BOXING

No-Mas-Chenko: Vasyl Lomachenko Makes Rigondeaux Quit

Vasyl Lomachenko Defeats Injured Guillermo Rigondeaux With Ease For Sixth-Round TKO

Four straight fighters (or their trainers) have decided that they were in over their heads against Vasyl Lomachenko — that they were being overwhelmed by his superlative skills, speed and technique, that they had no chance of winning, and that they therefore had no better choice than to call it a night before their night got even worse.

Nicholas Walters was done after seven rounds. Jason Sosa was pulled after nine. Miguel Marriaga’s corner waved things off at the end of the seventh. And the latest was the best of them all: Guillermo Rigondeaux, who stayed on his stool after the sixth round concluded.

Rigondeaux cited a hurt left hand. His critics and skeptics derided his decision. But while many a wounded fighter has trudged on through pain and injury, not every fighter is made the same. That kind of grit and bravery is precisely why those fighters deserve so much awe and praise. For others, there is a necessary mental calculus as they decide whether they can still win, if going on will put them in unnecessary danger, and if quitting in favor of the next time out is the best option of all.

(No one criticizes Israel Vazquez anymore for quitting in his first fight with Rafael Marquez a decade ago, when he was already having tremendous trouble with Marquez before a broken nose made breathing difficult. Vazquez returned healed and healthier for their second fight than he otherwise would have been had he tried to fight on the first time around, winning the rematch as a result.)

 

But Rigondeaux lost a lot of goodwill well before he ever lost this fight, squandering so much of his talent with wasted years. The boxer who’d defeated Nonito Donaire for junior featherweight supremacy in 2013 was persona non grata by the end of the year, done in by a dreadfully boring fight against an opponent, Joseph Agbeko, who was willing to do little beyond survive. He was the quintessential high-risk, low-reward opponent. Boxing fans respected his obvious talent. There just wasn’t much demand from them to see him.

Rigondeaux bravely took this fight with Lomachenko. It was a high-risk, high-reward proposition. The bout was properly marketed as pitting two of the best amateur boxers of all time — the only time a pair of two-time Olympic gold medalists had faced each other in the ring. Lomachenko and Rigondeaux were also accurately described as two of the best pro fighters in the world, pound-for-pound.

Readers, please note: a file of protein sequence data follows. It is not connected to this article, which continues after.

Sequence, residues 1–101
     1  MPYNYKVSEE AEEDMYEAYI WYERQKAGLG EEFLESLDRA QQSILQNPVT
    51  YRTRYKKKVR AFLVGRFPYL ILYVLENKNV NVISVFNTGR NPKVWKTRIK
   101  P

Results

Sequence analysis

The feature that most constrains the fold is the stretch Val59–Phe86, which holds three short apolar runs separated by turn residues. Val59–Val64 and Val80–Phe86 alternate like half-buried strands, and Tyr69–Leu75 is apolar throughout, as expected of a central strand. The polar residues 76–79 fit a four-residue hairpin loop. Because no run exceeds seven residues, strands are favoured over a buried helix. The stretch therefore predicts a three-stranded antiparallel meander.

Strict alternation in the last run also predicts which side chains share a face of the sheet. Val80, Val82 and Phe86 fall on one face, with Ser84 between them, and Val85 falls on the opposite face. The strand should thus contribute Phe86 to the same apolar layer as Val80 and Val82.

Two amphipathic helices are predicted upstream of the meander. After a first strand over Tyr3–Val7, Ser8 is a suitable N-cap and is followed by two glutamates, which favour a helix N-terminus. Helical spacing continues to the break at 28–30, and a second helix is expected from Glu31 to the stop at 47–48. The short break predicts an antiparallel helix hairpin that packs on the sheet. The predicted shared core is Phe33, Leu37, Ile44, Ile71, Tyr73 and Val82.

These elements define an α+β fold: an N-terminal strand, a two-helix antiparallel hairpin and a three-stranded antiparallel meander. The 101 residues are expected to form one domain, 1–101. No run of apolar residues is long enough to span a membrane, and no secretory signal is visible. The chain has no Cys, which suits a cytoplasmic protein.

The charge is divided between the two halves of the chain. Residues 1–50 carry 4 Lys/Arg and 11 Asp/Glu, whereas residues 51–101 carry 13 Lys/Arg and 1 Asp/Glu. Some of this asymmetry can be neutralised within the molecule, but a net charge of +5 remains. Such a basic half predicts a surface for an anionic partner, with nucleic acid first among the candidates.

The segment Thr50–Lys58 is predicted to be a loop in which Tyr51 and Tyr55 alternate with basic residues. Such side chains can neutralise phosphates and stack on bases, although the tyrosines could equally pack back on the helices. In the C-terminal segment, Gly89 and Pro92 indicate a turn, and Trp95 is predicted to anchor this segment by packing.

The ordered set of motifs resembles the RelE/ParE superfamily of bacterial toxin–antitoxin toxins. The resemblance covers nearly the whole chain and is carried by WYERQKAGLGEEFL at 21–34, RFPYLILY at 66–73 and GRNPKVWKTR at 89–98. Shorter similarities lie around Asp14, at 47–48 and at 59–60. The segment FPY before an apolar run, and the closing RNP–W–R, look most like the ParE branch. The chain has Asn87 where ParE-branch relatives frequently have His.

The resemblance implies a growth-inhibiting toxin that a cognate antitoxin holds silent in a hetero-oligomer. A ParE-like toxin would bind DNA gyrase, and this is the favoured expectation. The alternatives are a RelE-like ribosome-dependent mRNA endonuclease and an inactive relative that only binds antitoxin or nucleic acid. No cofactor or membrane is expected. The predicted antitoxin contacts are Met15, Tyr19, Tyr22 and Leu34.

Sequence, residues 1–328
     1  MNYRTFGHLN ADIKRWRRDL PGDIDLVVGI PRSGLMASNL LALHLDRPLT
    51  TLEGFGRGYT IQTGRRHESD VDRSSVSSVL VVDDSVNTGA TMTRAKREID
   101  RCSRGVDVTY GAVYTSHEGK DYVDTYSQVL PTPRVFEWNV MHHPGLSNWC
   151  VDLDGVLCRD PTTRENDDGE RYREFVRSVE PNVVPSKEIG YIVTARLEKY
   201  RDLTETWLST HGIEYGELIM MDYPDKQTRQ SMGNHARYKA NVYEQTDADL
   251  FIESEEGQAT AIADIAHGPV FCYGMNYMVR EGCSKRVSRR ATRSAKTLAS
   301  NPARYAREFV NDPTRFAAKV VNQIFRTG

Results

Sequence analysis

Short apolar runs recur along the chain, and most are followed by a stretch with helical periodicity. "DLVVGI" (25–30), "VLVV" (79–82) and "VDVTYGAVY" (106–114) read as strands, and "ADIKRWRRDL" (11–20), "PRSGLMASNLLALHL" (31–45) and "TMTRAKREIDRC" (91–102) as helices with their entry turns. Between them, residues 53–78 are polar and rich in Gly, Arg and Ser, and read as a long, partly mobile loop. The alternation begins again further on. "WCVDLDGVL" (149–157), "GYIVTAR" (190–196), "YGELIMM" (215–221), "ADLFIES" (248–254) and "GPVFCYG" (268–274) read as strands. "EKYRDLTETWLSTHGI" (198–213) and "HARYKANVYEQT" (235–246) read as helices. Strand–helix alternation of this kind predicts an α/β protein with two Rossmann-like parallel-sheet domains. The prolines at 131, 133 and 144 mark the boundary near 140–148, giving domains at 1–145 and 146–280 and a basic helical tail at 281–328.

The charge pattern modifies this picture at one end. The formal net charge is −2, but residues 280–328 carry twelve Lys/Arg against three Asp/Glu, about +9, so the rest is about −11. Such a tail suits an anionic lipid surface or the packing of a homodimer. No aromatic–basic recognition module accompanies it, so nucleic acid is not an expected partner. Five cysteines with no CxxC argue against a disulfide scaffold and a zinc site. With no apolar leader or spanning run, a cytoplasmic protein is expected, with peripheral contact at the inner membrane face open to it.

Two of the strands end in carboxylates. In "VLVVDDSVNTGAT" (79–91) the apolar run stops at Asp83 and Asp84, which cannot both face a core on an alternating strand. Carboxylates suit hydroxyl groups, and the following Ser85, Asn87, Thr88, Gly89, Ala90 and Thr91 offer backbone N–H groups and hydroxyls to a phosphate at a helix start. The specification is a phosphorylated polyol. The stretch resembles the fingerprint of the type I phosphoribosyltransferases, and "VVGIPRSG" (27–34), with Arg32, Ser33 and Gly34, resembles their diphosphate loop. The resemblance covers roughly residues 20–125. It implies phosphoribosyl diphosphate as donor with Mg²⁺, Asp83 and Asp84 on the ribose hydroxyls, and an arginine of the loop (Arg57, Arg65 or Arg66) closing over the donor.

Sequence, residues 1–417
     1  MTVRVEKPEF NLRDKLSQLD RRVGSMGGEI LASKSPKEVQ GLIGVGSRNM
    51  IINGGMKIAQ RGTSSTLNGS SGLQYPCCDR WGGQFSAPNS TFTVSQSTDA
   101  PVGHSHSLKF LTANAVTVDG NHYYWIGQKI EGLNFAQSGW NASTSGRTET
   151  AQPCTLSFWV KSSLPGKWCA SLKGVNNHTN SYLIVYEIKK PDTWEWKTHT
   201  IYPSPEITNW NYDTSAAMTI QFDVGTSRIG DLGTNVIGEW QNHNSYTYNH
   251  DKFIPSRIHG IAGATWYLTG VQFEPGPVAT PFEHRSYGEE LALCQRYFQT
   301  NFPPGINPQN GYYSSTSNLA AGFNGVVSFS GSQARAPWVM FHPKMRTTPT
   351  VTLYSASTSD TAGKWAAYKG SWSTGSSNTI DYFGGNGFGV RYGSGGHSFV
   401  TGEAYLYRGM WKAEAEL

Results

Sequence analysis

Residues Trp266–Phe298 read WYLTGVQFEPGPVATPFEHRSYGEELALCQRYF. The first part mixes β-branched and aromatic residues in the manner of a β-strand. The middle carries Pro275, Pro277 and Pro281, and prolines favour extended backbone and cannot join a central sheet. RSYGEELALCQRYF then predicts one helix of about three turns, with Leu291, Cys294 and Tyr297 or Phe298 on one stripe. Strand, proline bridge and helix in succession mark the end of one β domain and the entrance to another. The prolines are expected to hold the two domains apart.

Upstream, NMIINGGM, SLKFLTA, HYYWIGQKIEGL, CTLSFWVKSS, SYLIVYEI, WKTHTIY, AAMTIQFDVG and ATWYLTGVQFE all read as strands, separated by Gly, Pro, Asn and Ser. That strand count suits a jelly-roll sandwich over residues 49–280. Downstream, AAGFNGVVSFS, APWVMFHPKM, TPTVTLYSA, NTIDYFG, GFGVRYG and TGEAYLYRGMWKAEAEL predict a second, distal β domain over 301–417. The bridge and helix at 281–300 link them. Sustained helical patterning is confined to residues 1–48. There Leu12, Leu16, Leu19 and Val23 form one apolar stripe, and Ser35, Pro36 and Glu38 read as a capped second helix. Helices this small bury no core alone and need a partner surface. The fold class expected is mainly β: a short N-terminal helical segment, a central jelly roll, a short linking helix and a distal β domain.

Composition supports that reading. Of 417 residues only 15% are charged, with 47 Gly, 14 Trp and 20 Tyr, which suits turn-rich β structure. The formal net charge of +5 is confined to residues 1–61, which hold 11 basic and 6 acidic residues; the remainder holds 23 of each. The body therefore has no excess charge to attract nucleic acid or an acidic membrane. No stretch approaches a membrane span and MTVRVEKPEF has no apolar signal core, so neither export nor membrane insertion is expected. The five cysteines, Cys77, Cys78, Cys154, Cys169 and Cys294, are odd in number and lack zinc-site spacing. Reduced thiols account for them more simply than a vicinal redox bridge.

The pounds mattered, though. Rigondeaux was a natural 122-pound fighter, on the smaller end even for that division. Lomachenko had fought as low as 126 just two years ago, but he was otherwise a 130-pound fighter who would have size and height advantages. Rigondeaux was coming up two weight classes.

Other smaller fighters have been able to move up in weight and use their skills and speed advantages to defeat bigger opponents. Rigondeaux wasn’t going to have any such advantages. Lomachenko was too skilled and too fast himself.

Lomachenko blocked or dodged nearly everything Rigondeaux threw. And while Lomachenko didn’t throw with much accuracy himself — going just 55 of 339 on the night, a 16 percent connect rate — he unleashed blindingly quick and occasionally extended combinations that overwhelmed Rigondeaux, who had too little to offer in return and had little effect even when he landed.

Lomachenko got Rigondeaux’s attention with a right hook in the second, catching Rigondeaux while the shorter fighter was ducking down. Rigondeaux spent too many moments in the fight ducking or holding. In one clinch in the second round, Lomachenko kneeled down to try to free himself. Rigondeaux landed a left uppercut in close. Lomachenko, offended by the audacity and trickery, retaliated with a rat-a-tat right hook and left hand that sent Rigondeaux back a step.